Bowie's 90s experimental phase. I'm having you start with Earthling, though it's not as strong an album as the other, because it's more accessible. Underneath all the drum 'n' bass stuff are some pretty good songs. 1. Outside, on the other hand, is a concept album, or, rather, a "non-linear Gothic Drama Hyper-Cycle." It's the first in a series of three albums about a detective looking into the disappearance of a teenage girl who's being murdered for Art... that's not told in any particular order... or finished, for that matter. But other than that it's really good! I'm serious. You've gotta hear it. Just... not at night. It's really creepy.
Are you now terrified of those citizens of the land between Canada and Mexico? Or ready to pack it all in and join a Buddhist monastery? If not, proceed to the next step.
Step 8: Let's Dance
The first time Bowie's music actually found favor with a mainstream audience. Much debate among fans and music critics over whether this is actually a good album or if its popularity was supported by a couple of hit singles with interesting music videos.
Do you find yourself forgiving Bowie his commercial sins, even after you've also watched Labyrinth and the Serious Moonlight tour documentary? Congratualtions, you are now truly into Bowie. And while you're at it, have a Pepsi.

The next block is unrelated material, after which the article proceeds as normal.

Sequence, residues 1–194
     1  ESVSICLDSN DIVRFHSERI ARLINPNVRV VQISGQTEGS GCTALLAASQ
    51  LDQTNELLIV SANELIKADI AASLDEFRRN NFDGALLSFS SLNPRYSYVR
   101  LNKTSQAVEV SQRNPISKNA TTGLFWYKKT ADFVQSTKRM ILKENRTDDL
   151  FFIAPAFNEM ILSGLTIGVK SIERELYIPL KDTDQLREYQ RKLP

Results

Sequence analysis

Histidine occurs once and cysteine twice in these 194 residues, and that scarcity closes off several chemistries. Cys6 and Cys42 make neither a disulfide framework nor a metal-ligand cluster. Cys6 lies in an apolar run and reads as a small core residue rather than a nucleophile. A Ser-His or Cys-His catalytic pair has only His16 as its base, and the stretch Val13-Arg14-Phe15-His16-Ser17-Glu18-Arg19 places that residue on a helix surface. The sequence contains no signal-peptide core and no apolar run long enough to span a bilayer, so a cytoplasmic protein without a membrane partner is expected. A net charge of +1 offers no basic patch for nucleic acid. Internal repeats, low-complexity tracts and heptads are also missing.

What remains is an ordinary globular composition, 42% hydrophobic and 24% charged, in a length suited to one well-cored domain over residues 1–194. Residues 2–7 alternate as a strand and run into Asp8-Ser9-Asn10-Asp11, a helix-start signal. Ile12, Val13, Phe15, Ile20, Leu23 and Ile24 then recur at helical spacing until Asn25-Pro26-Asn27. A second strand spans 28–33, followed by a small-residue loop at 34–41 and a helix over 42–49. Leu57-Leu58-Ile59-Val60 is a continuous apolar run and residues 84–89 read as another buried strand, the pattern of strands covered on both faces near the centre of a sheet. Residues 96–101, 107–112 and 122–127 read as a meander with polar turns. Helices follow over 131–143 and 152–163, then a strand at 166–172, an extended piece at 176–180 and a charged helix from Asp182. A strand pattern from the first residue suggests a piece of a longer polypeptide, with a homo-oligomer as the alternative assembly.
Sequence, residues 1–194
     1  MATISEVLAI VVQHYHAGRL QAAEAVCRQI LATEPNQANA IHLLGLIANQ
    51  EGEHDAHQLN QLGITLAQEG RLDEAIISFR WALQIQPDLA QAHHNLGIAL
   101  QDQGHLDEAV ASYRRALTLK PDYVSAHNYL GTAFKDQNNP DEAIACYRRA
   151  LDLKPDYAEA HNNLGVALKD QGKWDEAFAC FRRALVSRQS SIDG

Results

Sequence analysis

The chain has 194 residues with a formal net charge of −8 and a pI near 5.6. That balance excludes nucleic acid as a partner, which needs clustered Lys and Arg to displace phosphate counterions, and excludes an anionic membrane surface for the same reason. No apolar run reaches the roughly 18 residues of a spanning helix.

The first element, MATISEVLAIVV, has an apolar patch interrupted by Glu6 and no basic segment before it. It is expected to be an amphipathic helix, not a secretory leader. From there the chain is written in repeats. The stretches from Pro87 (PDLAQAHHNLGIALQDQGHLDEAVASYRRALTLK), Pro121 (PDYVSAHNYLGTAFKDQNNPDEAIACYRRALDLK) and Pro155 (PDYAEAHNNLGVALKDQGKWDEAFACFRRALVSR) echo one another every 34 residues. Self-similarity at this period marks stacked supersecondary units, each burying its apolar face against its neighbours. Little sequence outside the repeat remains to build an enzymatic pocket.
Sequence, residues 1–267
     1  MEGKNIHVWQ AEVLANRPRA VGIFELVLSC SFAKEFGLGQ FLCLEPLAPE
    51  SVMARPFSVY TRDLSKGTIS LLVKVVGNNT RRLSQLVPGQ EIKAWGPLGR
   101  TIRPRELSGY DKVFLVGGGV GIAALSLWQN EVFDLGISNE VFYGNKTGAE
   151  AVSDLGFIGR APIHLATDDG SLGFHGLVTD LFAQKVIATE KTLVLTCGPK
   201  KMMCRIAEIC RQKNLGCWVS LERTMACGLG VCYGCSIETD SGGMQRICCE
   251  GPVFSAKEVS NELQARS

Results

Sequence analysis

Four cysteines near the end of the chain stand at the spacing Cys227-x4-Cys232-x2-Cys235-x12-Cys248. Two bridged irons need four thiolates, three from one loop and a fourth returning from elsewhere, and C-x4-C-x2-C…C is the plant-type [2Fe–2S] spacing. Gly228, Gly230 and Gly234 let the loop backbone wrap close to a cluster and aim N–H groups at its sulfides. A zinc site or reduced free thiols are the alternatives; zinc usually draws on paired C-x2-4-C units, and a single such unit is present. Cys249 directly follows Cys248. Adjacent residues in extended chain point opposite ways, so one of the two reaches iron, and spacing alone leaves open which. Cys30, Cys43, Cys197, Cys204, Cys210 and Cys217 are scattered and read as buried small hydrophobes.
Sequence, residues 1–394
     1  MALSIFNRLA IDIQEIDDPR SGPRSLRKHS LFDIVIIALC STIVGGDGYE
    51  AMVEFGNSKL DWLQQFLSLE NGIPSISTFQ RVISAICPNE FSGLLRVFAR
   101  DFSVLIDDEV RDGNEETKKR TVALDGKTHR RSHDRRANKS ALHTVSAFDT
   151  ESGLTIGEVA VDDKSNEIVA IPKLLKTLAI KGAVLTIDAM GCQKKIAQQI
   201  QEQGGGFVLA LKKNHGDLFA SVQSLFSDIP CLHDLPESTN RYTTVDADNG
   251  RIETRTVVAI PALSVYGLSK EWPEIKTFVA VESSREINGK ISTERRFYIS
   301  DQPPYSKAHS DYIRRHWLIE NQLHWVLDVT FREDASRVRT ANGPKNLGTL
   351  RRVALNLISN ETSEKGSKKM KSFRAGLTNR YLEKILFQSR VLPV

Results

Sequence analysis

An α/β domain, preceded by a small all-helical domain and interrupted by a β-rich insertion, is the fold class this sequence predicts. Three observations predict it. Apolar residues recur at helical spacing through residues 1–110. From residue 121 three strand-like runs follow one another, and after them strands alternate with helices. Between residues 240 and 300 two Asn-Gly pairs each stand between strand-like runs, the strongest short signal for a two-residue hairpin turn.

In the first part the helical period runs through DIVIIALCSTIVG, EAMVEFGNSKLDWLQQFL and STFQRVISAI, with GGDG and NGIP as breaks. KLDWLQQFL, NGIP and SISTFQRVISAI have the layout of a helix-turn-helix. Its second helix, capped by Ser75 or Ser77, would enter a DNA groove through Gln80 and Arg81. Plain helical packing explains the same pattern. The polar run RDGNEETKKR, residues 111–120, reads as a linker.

Take a victory lap. Listen to some rare stuff like Sound + Vision or Bowie at the Beeb and check out some of his soundtrack work such as The Buddha of Suburbia.
Or, for the brave, check out the more dubious albums: David Bowie (cabaret???), Pin Ups, Tonight, Never Let Me Down, Black Tie White Noise (Okay, some people liked it), and the whole Tin Machine debacle. And there are plenty of really bad film roles to check out. (Absolute Beginners, anyone?)
*Bigger than the Sponge Bob people, you ask? Let's see... 1) The Sovereign, head of The Guild of Calamitous Intent and most powerful, least failure-prone character in the series, is none other than David Bowie. 2) The episode "Ghosts of the Sargasso" opens with characters basically acting out "Space Oddity," dialogue lifted straight from the song. 3) Tons and tons of other Bowie references. So, yes.